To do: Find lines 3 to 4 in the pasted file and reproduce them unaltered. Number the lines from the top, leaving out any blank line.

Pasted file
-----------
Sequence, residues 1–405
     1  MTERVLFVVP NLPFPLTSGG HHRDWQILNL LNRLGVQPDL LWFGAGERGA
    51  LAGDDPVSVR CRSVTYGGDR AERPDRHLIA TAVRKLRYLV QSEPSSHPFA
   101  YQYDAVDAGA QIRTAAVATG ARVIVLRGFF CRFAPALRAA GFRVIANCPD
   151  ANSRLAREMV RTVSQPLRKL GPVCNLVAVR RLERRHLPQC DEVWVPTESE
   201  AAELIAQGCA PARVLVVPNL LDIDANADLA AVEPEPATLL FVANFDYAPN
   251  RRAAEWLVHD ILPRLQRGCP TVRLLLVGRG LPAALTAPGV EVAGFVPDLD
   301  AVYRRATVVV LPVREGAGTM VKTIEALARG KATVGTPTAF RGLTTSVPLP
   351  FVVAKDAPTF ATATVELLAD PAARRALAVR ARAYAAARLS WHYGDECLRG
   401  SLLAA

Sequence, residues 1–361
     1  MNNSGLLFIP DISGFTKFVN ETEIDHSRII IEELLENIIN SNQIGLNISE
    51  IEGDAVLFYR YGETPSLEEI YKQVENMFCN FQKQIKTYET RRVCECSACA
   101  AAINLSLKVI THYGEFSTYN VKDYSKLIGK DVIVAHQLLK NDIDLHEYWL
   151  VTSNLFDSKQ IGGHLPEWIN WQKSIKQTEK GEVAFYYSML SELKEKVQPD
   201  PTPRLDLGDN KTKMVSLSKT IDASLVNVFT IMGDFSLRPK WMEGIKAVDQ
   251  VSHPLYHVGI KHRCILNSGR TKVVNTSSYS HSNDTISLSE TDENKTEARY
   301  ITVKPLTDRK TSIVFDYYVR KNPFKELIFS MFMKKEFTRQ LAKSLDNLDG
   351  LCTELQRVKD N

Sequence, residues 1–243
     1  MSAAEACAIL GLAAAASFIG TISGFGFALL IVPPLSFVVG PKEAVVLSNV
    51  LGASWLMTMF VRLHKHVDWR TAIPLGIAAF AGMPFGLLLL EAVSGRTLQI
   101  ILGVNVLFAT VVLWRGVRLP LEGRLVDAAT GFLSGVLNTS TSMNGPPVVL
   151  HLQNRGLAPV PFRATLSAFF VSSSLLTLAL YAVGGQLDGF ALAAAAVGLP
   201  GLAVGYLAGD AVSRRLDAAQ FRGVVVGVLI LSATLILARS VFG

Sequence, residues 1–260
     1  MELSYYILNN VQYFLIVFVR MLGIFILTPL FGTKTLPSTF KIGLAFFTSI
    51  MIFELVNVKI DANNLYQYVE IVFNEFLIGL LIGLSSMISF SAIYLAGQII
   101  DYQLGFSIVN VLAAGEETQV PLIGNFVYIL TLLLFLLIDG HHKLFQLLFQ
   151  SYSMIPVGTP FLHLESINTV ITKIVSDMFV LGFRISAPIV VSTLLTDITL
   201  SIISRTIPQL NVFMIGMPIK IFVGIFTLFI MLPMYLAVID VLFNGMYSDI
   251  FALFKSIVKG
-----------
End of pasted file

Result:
    51  LAGDDPVSVR CRSVTYGGDR AERPDRHLIA TAVRKLRYLV QSEPSSHPFA
   101  YQYDAVDAGA QIRTAAVATG ARVIVLRGFF CRFAPALRAA GFRVIANCPD